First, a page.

Why Solo Travel?

First of all I love to travel to far away and exotic destinations. But finding a willing travel companion for the right timeframe and destination can be most difficult and limiting.  Many friends have family obligations. Of the single people I know without family obligations, their career obligations reign supreme. 

Today’s U.S. economy and company styles are not time-off friendly because of downsizing and competitive work nature, it’s frowned upon. Even when you have the vacation time accrued companies don’t want you using it other than a few days timeframe now and again.  Many cannot even manage a month’s worth of time. I myself had to ‘fight’ for a month off at work for a really good vacation. One of the comments I would receive from several co-workers was “aren’t you afraid that after a month off the company will notice and figure out that they don’t need you”. Many have to be satisfied with a one or two week vacation a year. Then there are differences in travel styles, budgets, and levels of comfort for activities and destinations. A lot of compromising needs to occur, and inevitably arguments.

I started with 3-4 week long vacations while I was working and chose to go solo. What I discovered is a sense of ultimate freedom when you decide to travel solo. This doesn’t mean I will never travel with other people. I still do occasionally and find it rewarding. You develop your friendships even further when you travel with people you already know. If you can get them to travel in the first place! You can share accommodation and commuting expenses as a bonus.

During my month long travels while I was working I first started with travel packages. As my adventurous travel spirit and knowledge grew I found these packages to be rather limiting, rushed with little time or flexibility for doing your own thing. Plus they all had a ‘Single’ supplement so many travel companions were couples or friends that stuck to themselves. Of course you had some conversations but you still felt somewhat like an outsider.

I wanted to spend a month in Egypt 2005 and had researched many places I wanted to see with added activities such as Scuba. The options were widespread and the logistics was challenging. I found a U.K. based company called “Imaginative Traveller” which has some low-budget adventurous itineraries. They had everything I researched that I wanted to see and do and had some free days to add some Scuba for myself.  Their group tours have you pairing up with someone else in a room and avoid ‘Single’ supplements. This was my best travel experience ever. I traveled with great people, great fun and made friends. I was not an outsider. It was a perfect trip experience. This fueled my desire for further solo travel.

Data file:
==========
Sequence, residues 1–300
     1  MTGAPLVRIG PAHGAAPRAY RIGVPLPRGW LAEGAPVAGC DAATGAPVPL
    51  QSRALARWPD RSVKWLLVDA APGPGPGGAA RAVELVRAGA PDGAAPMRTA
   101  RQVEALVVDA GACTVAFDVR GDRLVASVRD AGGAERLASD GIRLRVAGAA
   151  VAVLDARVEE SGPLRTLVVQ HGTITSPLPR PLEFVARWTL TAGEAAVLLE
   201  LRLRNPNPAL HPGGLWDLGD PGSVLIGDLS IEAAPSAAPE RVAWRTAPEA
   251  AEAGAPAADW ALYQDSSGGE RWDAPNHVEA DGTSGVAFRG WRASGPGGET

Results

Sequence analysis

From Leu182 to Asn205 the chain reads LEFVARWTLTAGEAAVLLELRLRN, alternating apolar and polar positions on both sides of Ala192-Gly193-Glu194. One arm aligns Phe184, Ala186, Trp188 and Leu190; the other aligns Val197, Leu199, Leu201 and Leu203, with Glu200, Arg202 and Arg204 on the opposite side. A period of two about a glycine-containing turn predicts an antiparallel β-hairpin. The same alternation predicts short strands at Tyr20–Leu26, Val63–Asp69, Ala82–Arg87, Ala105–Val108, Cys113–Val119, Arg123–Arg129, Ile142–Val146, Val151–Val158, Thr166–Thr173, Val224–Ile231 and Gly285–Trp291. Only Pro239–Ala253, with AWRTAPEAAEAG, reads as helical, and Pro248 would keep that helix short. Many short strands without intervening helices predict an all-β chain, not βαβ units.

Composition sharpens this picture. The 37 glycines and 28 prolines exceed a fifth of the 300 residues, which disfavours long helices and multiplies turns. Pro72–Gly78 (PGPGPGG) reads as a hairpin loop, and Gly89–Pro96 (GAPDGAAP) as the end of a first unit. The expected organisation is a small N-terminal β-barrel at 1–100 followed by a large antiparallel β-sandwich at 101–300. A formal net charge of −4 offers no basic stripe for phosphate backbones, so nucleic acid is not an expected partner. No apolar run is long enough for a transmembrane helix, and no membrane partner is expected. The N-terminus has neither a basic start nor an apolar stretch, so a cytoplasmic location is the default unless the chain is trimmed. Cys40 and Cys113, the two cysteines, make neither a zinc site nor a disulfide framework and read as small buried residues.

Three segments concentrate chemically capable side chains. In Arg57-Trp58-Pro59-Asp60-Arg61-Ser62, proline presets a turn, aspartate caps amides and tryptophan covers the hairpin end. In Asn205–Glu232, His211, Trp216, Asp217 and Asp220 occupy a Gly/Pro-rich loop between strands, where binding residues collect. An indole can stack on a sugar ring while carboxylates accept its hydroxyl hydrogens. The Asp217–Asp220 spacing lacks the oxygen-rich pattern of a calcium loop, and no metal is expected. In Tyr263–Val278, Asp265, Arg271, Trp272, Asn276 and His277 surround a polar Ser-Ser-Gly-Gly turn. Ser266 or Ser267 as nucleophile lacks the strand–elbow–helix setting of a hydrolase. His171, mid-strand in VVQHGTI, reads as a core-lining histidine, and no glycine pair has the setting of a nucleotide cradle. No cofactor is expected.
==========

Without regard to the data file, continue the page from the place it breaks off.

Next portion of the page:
Alternatively with solo travel you can choose a low budget style such as hostel accommodations and begin new friendships as you encounter like-minded people with similar travel styles as yourself. You’re not really alone. With online information and websites increasing as the years go by, planning and organizing your own trips became easier. You can stay in contact with your friends back home as well. I actually encountered some friends and acquaintances in different parts of the world briefly. There was nothing left to hold me back from my travel desire… except my budget and time away from my job. With online research I found I could plan and execute my own itineraries for a third or less budget than any organized group tour, except for a few group tour itineraries offered by Imaginative Traveller are still an occasional option for me.

With solo travel you begin to break all the mental boundaries you grew up with. True growth comes from forcing yourself just outside of your comfort zone. You gain psychological and mental growth through self-reliance. Hone your organizational skills, navigation skills, develop your communication skills through interaction with people of different cultures and background. Time alone allows for self-reflection. You get to enjoy your own company, know yourself, your true likes, dislikes and needs. You discover you can live with less materialism. Solo travel will change you for the better. You start to feel lighter, less burdened. Your self-esteem improves and self-image as a person grows as you navigate the world with planes, train, automobiles… and sometimes camels, adapting to different modes of transportation. Longer journeys may inevitably lead to obstacles and mishaps. You’ll be flexing your mental muscles to get past these. You develop empathy for different people and why they behave they way they do, including yourself. You’ll surprise yourself. So why Solo travel? Because it removes limitations and expands your psyche.

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